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Chapter 9
This chapter provides a situational analysis of cyber crimes against women in India and laws that prevent cyber victimization in general and women... Sample PDF
Cyber Victimization of Women and Cyber Laws in India
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Chapter 10
This chapter provides a model charter and a conclusion to the book. The contents of the Model charter to prevent online victimization of women are... Sample PDF
Model Charter and Conclusion
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Topics Covered

  • Adult Bullying
  • Cyber Crime Law
  • Cyber Crime Law and Women
  • Cyber Stalking
  • Cyber Victimization
  • Electronic Defamation
  • Online Abuse
  • Victimization of Women in Cyber Space
  • Women and Cyber Rights
  • Women and Cyber Victimization
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Preface

Telecommunications worldwide have experienced rapid change since the accessibility to emails and e-commerce facilities were made easily and readily available to the common citizens starting in the early 1990s. Such e-communication got legalized with the European conventions on Information Technology, which was followed by some developed and less developed nations. E-communication gained popularity among men and women in a short span of time. Along with the emails  came the electronic ways to express and expose oneself in front of a large global audience through their personal blogs, personal and professional websites, digital albums, electronic banking, and shopping  facilities, which became hugely popular with homemakers; and then electronic socialization, which literally turned human beings to e-living.

Human relations have considerably improved since the beginning of the public usage of emails, chat rooms, public forums, popular websites, and social networking websites. Seeing from the perspective of third wave feminism and usage of the electronic media to practice third wave feminism,  adult women of post millennium era are more benefited than their predecessors belonging to the second and first wave feminism, in many ways. The digital media created a huge platform for women of Web 2.0 era to expand their world to build new relationships, renew old friendships, and practice and profess own ideologies about various issues including   feminism. The digital era witnessed new phase  of feminism whereby women who belonged to more orthodox patriarchal societies were now enabled to practice self dependence norms through  electronic shopping, “digital awareness camps”  for  healthcare and baby care, higher education, modes to transform  leisurely passions  into profitable professions, et cetera. Ironically, this digital freedom also made women unknowingly/knowingly open Pandora’s Box and explore the evil side of the Internet. Indeed, the “box” was opened long back, but it successfully hid its whiff of inside-danger for a long time. Media reports on morphed pornographic images of female movie stars, cyber stalking female celebrities, blackmailing female celebrities through email or mobile phones, et cetera, provide us some good examples of victimization of women in the cyber space. However, until recently, common Internet users, including adult men and women (especially) never realised that such mischief can happen to them.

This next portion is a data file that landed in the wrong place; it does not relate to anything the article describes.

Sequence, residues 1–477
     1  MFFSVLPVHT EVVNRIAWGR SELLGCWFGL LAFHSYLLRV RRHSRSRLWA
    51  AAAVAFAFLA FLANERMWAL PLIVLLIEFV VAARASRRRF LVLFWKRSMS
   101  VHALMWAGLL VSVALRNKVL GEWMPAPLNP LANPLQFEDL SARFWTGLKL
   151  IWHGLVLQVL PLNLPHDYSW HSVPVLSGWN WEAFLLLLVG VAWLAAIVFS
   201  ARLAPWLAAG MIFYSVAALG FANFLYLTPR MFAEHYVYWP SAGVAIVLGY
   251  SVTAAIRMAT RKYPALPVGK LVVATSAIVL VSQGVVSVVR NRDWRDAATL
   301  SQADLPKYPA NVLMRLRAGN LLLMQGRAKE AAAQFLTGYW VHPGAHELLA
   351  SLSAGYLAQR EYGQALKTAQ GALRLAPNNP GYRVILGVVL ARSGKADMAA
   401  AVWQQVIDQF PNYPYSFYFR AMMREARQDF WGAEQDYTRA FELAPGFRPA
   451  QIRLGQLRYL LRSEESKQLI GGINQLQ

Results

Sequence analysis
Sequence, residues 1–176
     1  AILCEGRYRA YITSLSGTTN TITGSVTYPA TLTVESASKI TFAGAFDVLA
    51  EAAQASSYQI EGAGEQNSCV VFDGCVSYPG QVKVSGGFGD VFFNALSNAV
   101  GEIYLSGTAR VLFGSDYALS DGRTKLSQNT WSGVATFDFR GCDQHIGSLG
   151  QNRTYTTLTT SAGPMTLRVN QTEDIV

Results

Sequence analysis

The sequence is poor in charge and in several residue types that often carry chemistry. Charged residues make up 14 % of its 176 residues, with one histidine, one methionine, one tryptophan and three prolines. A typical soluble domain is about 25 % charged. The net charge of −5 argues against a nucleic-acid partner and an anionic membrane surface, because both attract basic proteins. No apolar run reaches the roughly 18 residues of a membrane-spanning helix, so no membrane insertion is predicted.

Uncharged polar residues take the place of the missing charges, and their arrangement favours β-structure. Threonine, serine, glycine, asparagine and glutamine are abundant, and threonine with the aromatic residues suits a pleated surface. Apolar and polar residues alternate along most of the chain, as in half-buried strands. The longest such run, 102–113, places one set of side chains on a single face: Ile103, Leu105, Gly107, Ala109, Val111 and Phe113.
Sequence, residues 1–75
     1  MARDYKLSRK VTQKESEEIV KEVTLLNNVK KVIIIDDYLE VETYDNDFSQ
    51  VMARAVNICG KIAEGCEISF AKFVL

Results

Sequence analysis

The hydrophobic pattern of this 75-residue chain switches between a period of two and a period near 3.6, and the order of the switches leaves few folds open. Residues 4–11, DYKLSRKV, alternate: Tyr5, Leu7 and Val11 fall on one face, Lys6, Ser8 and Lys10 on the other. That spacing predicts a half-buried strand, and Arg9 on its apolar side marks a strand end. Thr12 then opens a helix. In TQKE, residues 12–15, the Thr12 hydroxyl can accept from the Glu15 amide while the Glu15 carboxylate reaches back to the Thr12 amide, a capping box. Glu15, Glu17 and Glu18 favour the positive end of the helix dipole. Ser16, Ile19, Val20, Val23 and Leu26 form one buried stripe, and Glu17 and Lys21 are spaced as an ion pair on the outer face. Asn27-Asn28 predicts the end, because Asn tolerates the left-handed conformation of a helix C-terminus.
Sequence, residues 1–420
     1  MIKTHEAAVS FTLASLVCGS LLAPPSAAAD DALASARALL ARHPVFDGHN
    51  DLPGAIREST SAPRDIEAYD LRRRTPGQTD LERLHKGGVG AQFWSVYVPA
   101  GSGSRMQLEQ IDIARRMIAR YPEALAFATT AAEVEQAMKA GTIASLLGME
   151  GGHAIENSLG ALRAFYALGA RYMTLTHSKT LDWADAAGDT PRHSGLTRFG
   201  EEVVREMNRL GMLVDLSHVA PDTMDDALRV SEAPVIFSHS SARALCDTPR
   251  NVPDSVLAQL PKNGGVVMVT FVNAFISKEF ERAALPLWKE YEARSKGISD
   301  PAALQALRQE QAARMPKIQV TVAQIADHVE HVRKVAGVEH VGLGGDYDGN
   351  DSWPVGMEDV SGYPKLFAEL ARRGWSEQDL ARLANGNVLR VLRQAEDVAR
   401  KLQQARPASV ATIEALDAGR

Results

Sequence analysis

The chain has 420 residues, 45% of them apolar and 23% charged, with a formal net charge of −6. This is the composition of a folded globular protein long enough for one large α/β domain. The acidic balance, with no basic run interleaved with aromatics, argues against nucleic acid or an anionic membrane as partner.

The topic of “cyber crime against women” was largely ignored until most recently, and therefore, not truly addressed until the first cyber crime convention, which took place in 2000/01. International conventions, as well as domestic laws of many countries, may have developed legislatures to protect society as a whole from the clutches of the “dark side” of cyber technology. Academics, researchers, as well as lawmakers kept themselves occupied with discussing and analyzing problems of cyber crime targeting the economic front and children. But full attention was not given to several cyber crimes like adult bullying, stalking, defamations, et cetera, from women victim’s perspective even though women often outnumber men in almost all surveys on cyber victimization.  There is an undeniable need to highlight this important issue by bringing attention, as far as the role women play in cyber victimization, to scholars. This book is one small effort in that direction. This book was largely motivated by the personal experiences of the lead author who works as counselor for cyber crime victims and takes keen interests in the legal issues involving victimization of women in the cyber space and several painful stories retold by female friends and relatives who had gone through the trauma of being victimized in cyber space. The goal of this book is to identify and explain the mostly unexplored crimes of the Internet targeting adult women in particular.